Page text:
Trees cut down illegally in Vancouver's Dunbar neighbourhood again
Second time in little over a month that trees were chopped down without permit
It's the second time in little over a month that healthy trees have been illegally cut down in Vancouver's Dunbar neighbourhood.
The city says three healthy Douglas fir trees on the lot of a home under construction on West 38th Avenue were illegally cut down this weekend.
Cutting down mature trees, even on private property, outside of a home's footprint is illegal without a permit in Vancouver.
The developer would not talk to the CBC, but the city says the developer didn't have a permit and could now face a court-ordered fine worth thousands of dollars.
Fines aren't a deterrent
The fines, however, do little to deter people who are already spending millions on a property, says real estate agent Andrew Hasman. He says some homes with trees are selling for less, so developers are getting rid of them.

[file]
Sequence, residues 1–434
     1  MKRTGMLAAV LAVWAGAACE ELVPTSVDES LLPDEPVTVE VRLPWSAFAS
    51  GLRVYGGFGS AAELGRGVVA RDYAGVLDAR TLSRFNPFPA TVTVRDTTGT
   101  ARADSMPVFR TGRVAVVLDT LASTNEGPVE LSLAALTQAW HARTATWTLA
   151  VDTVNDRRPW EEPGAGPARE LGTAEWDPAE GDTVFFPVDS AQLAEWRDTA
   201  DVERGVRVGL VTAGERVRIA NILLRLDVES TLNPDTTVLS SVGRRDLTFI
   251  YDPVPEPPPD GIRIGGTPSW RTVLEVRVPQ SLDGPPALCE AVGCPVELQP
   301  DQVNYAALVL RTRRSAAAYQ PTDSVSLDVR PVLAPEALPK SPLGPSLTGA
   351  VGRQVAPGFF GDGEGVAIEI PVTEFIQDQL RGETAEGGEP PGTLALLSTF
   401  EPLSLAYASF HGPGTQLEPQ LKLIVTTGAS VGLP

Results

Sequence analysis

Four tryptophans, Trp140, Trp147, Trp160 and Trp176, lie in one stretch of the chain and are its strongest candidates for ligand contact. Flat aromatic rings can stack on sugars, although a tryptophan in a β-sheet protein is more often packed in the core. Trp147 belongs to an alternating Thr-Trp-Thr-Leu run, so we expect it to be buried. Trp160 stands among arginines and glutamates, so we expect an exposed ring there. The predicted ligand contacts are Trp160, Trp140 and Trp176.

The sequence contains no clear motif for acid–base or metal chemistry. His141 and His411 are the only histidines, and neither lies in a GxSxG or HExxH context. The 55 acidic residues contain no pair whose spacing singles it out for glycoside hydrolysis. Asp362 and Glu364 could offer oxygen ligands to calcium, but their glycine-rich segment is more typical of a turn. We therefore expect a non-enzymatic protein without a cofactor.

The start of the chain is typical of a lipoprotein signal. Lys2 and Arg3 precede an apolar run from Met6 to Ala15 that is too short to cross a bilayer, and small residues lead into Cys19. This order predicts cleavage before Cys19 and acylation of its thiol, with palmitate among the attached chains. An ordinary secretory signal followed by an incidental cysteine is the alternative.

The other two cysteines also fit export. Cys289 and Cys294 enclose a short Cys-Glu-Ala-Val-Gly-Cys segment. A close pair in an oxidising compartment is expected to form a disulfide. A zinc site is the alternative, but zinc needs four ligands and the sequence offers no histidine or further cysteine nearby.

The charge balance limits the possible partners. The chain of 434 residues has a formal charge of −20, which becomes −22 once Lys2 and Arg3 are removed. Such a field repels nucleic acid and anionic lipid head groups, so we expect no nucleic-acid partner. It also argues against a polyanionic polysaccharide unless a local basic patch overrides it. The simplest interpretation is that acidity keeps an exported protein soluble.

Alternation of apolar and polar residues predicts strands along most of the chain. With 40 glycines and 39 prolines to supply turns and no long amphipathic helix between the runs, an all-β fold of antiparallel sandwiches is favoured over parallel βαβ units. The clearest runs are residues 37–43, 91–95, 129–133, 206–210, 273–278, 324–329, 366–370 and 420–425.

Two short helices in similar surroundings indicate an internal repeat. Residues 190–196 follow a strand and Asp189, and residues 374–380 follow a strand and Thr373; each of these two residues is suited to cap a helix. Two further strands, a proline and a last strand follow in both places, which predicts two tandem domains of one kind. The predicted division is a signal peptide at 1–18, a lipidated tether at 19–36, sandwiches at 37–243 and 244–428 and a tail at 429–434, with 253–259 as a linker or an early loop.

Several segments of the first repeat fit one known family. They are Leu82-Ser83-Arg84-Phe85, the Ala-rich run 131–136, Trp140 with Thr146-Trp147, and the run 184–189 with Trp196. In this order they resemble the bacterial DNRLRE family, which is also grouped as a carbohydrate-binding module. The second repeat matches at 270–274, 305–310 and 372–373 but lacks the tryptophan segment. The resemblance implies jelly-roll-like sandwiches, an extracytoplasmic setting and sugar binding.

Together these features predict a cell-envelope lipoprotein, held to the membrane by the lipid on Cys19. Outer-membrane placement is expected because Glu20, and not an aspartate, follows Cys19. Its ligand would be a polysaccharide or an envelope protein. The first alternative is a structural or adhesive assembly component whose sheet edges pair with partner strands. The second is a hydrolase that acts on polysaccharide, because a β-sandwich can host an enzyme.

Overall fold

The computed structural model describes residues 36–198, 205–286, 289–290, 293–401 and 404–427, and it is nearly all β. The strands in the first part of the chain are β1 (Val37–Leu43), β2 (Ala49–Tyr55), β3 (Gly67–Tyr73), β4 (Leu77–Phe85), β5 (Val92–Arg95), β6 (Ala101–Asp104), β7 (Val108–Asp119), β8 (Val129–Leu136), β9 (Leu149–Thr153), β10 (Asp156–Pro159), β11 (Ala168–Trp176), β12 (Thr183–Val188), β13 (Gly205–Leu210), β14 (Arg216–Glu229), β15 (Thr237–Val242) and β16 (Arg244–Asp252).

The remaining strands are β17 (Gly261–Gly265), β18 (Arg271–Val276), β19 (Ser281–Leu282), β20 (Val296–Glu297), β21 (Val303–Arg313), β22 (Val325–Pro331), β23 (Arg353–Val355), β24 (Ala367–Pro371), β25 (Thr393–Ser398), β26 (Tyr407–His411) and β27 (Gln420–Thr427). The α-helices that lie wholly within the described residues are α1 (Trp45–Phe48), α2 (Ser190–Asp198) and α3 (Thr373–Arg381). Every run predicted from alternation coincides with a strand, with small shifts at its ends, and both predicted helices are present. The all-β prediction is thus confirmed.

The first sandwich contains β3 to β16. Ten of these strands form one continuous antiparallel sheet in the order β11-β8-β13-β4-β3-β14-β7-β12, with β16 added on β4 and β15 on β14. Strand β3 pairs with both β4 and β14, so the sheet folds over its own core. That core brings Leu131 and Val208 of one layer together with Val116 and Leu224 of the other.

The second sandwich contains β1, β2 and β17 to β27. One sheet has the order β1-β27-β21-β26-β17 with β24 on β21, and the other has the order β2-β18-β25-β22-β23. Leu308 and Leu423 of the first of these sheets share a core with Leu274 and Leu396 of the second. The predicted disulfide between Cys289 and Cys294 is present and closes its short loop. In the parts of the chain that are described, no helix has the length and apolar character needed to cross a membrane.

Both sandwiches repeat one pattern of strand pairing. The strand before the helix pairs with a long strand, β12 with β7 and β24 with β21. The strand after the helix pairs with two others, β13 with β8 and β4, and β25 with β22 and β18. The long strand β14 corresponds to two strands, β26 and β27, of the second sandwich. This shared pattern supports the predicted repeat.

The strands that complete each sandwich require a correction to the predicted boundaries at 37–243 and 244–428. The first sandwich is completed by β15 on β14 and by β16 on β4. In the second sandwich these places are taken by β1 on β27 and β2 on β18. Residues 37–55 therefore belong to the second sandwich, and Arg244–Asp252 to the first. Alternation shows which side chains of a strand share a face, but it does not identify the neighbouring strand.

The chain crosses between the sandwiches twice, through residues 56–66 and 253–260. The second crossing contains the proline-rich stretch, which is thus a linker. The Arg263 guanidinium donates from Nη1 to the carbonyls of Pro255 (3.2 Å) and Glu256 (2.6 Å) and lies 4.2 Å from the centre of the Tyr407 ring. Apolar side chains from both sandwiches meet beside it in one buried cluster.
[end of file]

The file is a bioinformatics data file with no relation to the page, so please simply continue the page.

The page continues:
"Those trees may provide a lot of shade, may dump a lot of needles," he says. "If they can remove that tree, they can add tremendous value."
Hassman says he's seen some properties go for 10 per cent less than what they're worth because of the trees on the lot.
But the city and enraged Dunbar residents say that's not a good enough reason to cut trees.
"This is the wildlife around here," says one neighbour, Nola Frost. "We're in a city, and it's so beautiful and it's being destroyed."
Last week, the city said it is considering how to increase penalties for those who cut down trees on their property illegally. This comes in reaction to a "chainsaw massacre" of six trees — five of which were old growth — on a Dunbar property at the corner of West 37th Avenue and Collingwood Street.